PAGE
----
Build yourself a sanctuary. Chances are you will be pushing yourself to your limits as I did over the South Pole. As you go after new opportunities, you will need to find a quiet, clean, peaceful, and drama-free environment to return to each night. Your sanctuary is the place you will melt into so you can start fresh each day. This is also the place where you can find silence and be open to what the Universe has for you. Your purpose and mission will be revealed with time. There is no need to overthink these questions; instead, focus on removing your distractions and any resistance to being open.

Seek solutions. By learning more about the field that is so intriguing, you will find some of the solutions you seek. It usually takes 10 years to become an expert in a field so you should get started right away. You will need to be more knowledgeable than your competition. With the vast resources available online these days you should be able to find enough information to keep you busy for a long time. This is a classic case of eating the elephant one bite at a time.

Believe in yourself. When I started my Polar Expedition preparations, I had a larger group of friends. Some of them were downers who sucked energy from me and interacting with them left me depleted. I cut many of these people out of my life, as well as those that had zero impact, to create space for the new people that I would attract that were in better alignment with me and more up lifting.

Open your mind. It’s time to connect to the collective conscience. It’s the sum of all human knowledge from the beginning of time. Many believe it’s where all those great ideas, intuition, and downloads come from. You know when you had a download, because the answer suddenly pops into your mind and makes total sense. You will say to yourself, “Oh my God, why didn’t I think of that before?” It will hit you like a lightning bolt.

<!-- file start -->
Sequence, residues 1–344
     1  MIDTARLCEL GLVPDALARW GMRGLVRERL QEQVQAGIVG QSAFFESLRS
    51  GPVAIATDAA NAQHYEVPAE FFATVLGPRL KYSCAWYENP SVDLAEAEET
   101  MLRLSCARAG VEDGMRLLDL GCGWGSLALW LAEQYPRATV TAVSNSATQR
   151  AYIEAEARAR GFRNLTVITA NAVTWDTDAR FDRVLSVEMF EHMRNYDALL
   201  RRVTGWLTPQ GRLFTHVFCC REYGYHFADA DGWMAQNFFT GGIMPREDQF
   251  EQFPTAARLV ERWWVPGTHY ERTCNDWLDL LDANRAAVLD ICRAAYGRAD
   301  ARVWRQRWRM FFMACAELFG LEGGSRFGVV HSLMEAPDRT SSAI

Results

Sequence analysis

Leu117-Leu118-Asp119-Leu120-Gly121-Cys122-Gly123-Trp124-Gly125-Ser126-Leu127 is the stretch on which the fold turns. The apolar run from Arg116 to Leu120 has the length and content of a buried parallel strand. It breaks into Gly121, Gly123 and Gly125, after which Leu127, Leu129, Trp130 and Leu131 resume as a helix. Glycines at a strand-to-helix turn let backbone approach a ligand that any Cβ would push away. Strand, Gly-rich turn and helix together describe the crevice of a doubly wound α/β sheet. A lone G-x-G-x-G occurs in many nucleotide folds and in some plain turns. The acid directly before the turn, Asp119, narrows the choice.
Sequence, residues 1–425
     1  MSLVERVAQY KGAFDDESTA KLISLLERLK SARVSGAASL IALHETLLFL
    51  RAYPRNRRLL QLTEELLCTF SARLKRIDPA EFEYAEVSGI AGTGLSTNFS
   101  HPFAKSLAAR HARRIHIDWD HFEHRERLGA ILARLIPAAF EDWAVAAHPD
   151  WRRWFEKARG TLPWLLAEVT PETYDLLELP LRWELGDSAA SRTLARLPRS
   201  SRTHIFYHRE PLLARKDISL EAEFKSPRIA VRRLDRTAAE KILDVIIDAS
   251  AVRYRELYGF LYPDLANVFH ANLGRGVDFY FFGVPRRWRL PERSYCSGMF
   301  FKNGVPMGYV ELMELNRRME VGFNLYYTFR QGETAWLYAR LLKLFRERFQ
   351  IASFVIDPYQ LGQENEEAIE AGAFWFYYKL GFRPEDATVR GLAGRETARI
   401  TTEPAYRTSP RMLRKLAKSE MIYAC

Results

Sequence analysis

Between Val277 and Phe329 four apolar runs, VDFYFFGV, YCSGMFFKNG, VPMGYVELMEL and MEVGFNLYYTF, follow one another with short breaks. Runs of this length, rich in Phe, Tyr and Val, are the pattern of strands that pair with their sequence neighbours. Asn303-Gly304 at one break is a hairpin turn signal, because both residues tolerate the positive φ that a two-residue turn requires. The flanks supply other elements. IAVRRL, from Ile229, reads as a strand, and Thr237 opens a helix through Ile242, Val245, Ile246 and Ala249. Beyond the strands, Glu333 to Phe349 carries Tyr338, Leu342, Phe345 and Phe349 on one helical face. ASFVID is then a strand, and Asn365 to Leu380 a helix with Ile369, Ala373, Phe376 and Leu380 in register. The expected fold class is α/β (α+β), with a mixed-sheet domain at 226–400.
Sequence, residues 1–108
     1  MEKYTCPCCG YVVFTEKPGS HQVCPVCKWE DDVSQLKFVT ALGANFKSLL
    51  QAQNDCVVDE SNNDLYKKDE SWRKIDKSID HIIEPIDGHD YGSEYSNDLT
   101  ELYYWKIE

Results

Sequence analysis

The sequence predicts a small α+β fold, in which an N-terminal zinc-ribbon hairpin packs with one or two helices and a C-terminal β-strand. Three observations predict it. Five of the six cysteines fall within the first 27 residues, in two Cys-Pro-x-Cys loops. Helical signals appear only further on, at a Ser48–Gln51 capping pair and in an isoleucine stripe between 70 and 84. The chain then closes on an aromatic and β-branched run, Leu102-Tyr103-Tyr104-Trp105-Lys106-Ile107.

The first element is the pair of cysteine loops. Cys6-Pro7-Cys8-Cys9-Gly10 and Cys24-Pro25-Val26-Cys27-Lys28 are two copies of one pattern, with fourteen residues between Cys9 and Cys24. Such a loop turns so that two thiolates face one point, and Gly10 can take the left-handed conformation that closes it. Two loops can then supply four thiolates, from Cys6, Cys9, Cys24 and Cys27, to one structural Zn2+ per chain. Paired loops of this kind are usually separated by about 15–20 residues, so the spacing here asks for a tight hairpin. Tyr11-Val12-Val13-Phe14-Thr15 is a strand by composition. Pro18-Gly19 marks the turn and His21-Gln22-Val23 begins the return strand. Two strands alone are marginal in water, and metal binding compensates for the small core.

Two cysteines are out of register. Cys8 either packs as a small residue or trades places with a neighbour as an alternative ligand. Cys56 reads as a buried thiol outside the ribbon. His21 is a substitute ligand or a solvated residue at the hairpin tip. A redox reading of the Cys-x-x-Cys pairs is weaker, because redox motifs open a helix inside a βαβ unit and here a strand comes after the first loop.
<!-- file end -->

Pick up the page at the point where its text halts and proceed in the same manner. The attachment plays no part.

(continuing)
Learn to dream impossibly big. Don’t be afraid to go after what may seem impossible to you and in the process shine as brightly as you can. When I first decided to make an attempt at a Polar Circumnavigation it seemed so much bigger than me. It had never been done nonstop in a turboprop aircraft and the chances looked a bit slim. If it doesn’t make you a bit nervous, your dream wasn’t big enough. What is the harm in trying? Even in failure there is success because you learn. For lessons in dreaming impossibly big please see my first book Flying Thru Life.

Let go of self-judgment. This is the voice in your head that makes negative comments and tells you what you “should” do. Give yourself a break. Taking on big projects can be difficult, and you are putting yourself out there — so if you are going to tell yourself a story, do what Don Miguel Ruiz suggests and make it a good one! You need all the support you can get and that includes being your own cheerleader at every opportunity. It’s called “self-love” and may be the most important thing we learn on the planet as souls having a human experience.

Find a mentor. Most people advance in life to the point where their own limitations stop them like they have hit a wall. Unfortunately, that is the place many people will stay. You have to break through that wall; otherwise, many of life’s opportunities will pass you by. It’s difficult to see your own situation because you are down in the trenches. You need someone who has faced similar challenges and can guide you over or around them, depending on the situation. The person you seek will have a sense of intuition that is almost otherworldly. This person will have perspective that you don’t. My suggestion is to find the best person you can get. It might cost you some money, but it will be well worth it and will pay off many times over (see: www.messengersonamission.com).

Hand off some projects. When I decided to take on the Polar Expedition, I knew I needed a lot more of my time to pull it off successfully. I hired an expert property management company to manage my real estate investments and it freed up over 50 hours of my time per week. With this move, I also tripled my income which is helping fund the efforts of the DeLaurentis Foundation.

Embrace a new world. Finally, take action and embrace the new life that citizens of the world are currently presented. It’s the Universe’s way of shaking things up and giving us new opportunities to grow. To do this, we must sometimes push past the considerable resistance.